When Paul places restrictions on women in 1 Timothy 2:11,12, he has in mind these women spreading false teaching. It is them he admonishes to “learn in quietness and full submission” and does not permit to teach or “to have authority over a man” (1 Timothy 2:11,12). What is often overlooked is his command that “a woman should learn” (1 Timothy 2:11) is in the imperative in the Greek. In fact, this is the only imperative in the entire passage. 7 Many think Paul is commanding women not to teach, but instead he is specifically commanding them to learn. This is of critical importance because learning is the antidote to the disease of heresy. Paul is interested in “saving” the women, a concern that is demonstrated in his treatment of women throughout 1 Timothy.

While these women are learning, they are not to teach or usurp authority. When Paul speaks of not allowing women to teach, he uses the present tense which could be translated, “I am presently permitting no woman to teach”. 8 The word Paul uses for “authority” is authentein, and it isused only in this New Testament passage. This makes arriving at a biblical definition of the word somewhat problematic. One must look to secular sources in an attempt to ascertain its precise meaning. However, this is complicated by its infrequent use in secular Greek literature .9 One interpretation of the word is “murder” or “to declare oneself the author or source of anything”. 10 Another view notes that this interpretation is from the patristic period and instead suggests that authentein originally carried a negative connotation of “usurp” or “domineer” and only later came to mean “authority.” Since the earlier meaning more closely corresponds to the time period of the writing of 1 and 2 Timothy, the best translation for authentein is “to domineer.” 11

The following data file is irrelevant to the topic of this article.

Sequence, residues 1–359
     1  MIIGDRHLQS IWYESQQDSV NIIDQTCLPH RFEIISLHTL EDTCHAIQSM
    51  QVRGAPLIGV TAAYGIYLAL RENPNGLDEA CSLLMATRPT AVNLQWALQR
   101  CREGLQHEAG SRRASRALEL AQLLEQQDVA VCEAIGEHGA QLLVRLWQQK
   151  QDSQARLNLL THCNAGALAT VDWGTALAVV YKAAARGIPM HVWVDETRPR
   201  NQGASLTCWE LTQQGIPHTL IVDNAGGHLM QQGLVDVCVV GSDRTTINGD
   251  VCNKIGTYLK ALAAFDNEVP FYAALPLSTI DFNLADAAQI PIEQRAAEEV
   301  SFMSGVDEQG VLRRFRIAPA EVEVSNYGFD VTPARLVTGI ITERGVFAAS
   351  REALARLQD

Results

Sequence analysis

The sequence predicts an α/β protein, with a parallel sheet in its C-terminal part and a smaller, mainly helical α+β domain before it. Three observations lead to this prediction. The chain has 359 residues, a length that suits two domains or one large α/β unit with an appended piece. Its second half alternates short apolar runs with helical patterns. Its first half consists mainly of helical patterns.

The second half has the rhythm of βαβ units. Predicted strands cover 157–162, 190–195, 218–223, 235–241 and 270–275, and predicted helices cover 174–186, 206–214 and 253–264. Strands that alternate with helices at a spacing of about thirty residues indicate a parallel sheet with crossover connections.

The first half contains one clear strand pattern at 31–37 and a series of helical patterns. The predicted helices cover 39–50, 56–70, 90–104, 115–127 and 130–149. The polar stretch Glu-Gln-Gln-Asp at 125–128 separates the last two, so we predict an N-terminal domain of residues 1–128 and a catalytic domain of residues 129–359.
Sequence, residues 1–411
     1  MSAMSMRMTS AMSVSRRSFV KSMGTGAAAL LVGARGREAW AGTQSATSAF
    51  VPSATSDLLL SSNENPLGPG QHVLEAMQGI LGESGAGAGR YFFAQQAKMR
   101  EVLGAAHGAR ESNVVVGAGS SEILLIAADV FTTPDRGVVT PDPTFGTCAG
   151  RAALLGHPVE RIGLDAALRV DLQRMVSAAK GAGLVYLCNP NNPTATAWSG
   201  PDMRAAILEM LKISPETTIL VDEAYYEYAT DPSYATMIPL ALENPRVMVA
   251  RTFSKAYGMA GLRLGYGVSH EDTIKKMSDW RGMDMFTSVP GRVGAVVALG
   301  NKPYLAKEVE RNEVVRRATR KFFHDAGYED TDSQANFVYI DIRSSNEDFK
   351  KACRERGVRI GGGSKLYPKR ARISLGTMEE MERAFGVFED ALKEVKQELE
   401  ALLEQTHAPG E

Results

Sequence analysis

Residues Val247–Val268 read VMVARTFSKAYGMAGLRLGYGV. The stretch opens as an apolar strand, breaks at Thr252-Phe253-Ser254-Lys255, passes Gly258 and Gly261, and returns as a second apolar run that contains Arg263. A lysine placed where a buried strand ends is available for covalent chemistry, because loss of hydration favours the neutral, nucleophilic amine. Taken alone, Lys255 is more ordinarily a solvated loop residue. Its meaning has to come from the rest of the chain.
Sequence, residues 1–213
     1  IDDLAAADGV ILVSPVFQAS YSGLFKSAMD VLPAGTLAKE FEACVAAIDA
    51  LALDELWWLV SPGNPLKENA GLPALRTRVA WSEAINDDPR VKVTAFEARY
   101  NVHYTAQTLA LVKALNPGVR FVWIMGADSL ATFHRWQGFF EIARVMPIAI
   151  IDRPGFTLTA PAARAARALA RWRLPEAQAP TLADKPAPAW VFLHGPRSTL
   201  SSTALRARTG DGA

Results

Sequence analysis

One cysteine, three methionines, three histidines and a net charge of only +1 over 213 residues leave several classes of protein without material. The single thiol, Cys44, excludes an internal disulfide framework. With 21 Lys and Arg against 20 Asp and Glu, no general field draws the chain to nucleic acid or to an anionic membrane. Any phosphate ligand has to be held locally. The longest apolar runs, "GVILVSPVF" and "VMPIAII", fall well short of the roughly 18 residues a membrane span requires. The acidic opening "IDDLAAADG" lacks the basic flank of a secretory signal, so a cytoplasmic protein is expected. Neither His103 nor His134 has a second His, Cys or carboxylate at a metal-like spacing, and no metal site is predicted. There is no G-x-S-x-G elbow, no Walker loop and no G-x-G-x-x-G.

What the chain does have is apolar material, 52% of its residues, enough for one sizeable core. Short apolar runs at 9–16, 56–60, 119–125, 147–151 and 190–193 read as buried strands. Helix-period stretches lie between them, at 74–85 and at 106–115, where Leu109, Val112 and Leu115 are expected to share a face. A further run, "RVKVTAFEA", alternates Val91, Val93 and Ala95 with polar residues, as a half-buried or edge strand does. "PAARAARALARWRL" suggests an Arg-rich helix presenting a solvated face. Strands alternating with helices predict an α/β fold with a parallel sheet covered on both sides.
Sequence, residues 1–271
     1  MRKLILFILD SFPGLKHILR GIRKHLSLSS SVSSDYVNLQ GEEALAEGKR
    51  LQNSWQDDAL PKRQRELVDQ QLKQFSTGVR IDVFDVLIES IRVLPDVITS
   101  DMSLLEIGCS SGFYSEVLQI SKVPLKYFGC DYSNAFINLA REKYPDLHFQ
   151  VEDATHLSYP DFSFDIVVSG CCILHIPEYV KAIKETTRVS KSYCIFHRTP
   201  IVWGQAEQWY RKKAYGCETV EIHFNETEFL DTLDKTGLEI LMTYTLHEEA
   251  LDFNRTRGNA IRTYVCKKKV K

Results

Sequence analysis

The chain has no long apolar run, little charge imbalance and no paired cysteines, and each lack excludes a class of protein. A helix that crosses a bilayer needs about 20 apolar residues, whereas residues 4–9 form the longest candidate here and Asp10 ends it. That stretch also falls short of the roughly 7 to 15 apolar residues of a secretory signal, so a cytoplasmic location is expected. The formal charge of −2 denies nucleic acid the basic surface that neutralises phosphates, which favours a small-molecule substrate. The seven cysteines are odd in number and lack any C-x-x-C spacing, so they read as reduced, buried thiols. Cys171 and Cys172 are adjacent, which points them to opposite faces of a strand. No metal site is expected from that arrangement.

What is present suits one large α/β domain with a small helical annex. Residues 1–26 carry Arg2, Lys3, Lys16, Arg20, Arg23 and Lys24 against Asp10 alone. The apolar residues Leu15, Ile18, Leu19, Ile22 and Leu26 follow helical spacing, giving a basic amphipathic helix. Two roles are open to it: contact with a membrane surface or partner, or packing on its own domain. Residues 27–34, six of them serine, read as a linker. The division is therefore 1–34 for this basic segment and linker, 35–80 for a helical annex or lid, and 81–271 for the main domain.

Complementarians argue that Paul is enunciating a universal principle when he does not allow women to teach or have authority because of his reference to Adam and Eve (1 Timothy 2:13,14). The argument is that since Paul’s prohibitions are grounded in creation, the prohibitions must be universal. 12 However, some significant objections to this view exist.